Nearby is a National Park site. The Kingsley Plantation was about 1000 acres of Sea Island cotton.  Established in 1814, Zephaniah Kingsley brought his wife and three children to this remote Fort George Island area. His wife was African, a slave he bought in 1806 in Cuba. He freed her and their children in 1811. She was his business partner and managed the plantation. She became a plantation owner herself as well as a slave owner. Some 60 slaves worked on this Kingsley plantation. When Spain lost control of Florida to the US in 1821 the laws quickly changed the status of free blacks from the Spanish system to a repressive system under the US. By 1837 Kingsley had moved his wife and sons as well as 50 freed slaves to Haiti, a free republic. Their two daughters remained in Jacksonville and married wealthy white men. Kingsley was a very wealthy man. He owned 8 plantations and over 32,000 acres of land and 200 slaves  He moved to New York City and died in 1843 knowing his family was secure.
He built an interesting home on the Fort George River complete with a basement and a widows walk. It was designed to take advantage of the ocean breezes. It is very hot and humid and buggy in these coastal Florida island during much of the year. From the widows walk he could see out to the open ocean and out over his plantation. This is the oldest plantation house still standing in Florida.  
There were barns and other kitchen buildings. Slaves did all the work and lived in small houses they had to build for themselves.

These are mostly in ruins now but stabilized. The information provided told about the harsh and difficult work life the slaves were subjected to and how the community they had outside of work sustained them.  

After Kingsley’s death the Fort george Island plantation was sold to his nephews. They and their descendants continued to operate it until about 1900 when the island began to revert to forest.

The roads into the plantation are bumpy dirt roads overhumg with Live Oak trees and Spanish moss.
We got back in time to see a parade of giant ocean ships going out and coming in. The Mayport Naval Base is just across the river. There are several big Navy ships there.  The helicopters were flying continuously practicing something. Tha Navy base has a very nice RV park for active duty, reserves and retired military folks.
Thursday, March 27, 2014
Today we drove a short way to Amelia Island. The southern half of the island is dominated by golf courses, luxury resorts and extrodinary estates. We drove by them. The northern end of the island is the town of Fernandina. Now this is what we were expecting an old historic Southern town was going to look like.
Of course there are beach homes and resorts but not like the other end of the island. Most of these looked like they have been in families for generations like cabins “Up North.” The historic district was maybe a mile square. The main street (Center) was several blocks long and had the majority of the small local businesses.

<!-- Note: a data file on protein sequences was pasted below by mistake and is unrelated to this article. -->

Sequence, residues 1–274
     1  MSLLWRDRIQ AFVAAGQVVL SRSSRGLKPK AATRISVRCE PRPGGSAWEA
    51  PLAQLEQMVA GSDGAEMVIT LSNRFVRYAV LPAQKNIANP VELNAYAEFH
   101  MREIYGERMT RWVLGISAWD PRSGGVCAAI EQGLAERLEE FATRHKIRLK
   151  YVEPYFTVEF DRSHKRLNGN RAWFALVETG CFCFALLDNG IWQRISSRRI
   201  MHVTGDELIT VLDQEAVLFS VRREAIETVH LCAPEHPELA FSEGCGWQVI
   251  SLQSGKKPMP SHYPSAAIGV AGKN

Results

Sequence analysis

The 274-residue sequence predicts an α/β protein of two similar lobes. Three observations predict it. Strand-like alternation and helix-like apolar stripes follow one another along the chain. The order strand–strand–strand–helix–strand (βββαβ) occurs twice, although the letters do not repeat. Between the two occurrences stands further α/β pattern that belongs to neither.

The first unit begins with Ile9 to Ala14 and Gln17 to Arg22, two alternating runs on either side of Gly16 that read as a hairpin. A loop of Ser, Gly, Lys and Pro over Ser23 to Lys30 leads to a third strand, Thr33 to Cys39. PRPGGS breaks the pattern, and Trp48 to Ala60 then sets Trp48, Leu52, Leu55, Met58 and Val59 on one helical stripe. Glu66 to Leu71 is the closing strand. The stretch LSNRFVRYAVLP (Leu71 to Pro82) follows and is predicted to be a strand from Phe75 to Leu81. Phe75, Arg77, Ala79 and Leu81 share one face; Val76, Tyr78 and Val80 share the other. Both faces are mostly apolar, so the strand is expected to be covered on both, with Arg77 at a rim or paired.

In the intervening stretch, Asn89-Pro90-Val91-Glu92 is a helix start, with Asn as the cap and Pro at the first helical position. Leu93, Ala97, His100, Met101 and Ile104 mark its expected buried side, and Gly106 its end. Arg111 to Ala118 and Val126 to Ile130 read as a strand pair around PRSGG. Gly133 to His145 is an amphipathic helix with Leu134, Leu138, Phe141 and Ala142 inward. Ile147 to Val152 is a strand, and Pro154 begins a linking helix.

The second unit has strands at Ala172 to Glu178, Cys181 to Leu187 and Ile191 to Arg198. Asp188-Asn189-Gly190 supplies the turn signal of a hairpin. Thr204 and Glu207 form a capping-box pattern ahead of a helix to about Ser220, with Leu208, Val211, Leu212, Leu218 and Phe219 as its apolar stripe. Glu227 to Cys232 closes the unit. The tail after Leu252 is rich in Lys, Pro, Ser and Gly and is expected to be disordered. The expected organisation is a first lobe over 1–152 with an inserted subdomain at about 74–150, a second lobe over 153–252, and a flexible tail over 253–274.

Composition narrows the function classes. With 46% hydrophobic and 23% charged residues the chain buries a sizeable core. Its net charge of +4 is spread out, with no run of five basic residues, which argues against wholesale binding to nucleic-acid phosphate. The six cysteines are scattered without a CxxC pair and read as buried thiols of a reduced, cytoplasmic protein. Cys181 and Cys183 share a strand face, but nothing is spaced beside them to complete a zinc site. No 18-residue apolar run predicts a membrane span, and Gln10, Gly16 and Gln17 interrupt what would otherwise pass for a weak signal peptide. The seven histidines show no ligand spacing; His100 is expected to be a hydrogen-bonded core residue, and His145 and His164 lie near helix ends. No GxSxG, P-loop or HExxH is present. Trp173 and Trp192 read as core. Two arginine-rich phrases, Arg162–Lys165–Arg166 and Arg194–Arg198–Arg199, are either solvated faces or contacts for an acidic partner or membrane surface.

The post office, the court house, one of the oldest churches in Florida, a really cool bar that looked like it came right out of the 1800’s all were right on Center St.  At one end was the train station and the harbor on Front Street.  So at Front and Center we had a nice lunch.

The court house was pretty neat.

We went in and visited the court room.  Right out of “To Kill a Mockingbird”

There were a stunning collection of beautiful old homes as well.
We liked this one.  Pretty much matched the colors on our St Paul home.
We got back to our campsite in the late afternoon just in time to see a monster cruise ship come by.

It is amazing to watch them come down the winding river getting bigger by the minute and the go out to sea.

A car carrier going up stream and the party boat coming down, tooting at one and other.

Every boat coming into or leaving the port is handled by a Port Pilot.  A small boat takes them out to the incoming ships and goes out to pick them up as the shipes head out to sea.
This is one of the really interesting things about traveking the way we do. This park would never come up on any normal travel plan and yet here we were seeing the traffic in and out of a major seaport, a charming old historical city on what anyone else would just consider a major resort island and witnessing a complicated and disturbing part of our history as it was 200 years ago.  
We may be driving right by some of the guide books must-see things on our way to see what we discover for ourselves. That is fine with us. Those following the crowds aren’t seeing any if this.
Tomorrow we head for Tybee Island and Savannah, GA. Should be nice.
OBTW.  Checking miles traveled and days gone on this trip.  We are averaging just under 70 miles per day, right on our target.  Susan and I traveled for about 10 months in 1980 and our average over that entire time was about the same.  Gas was very expensive then.  Our average daily fuel expense today is less than it was in 1980 making adjustments for inflation.  Our coach and Jeep weigh 5 times what our van did and we have much more room and comforts.  
More soon.
Roger and Susan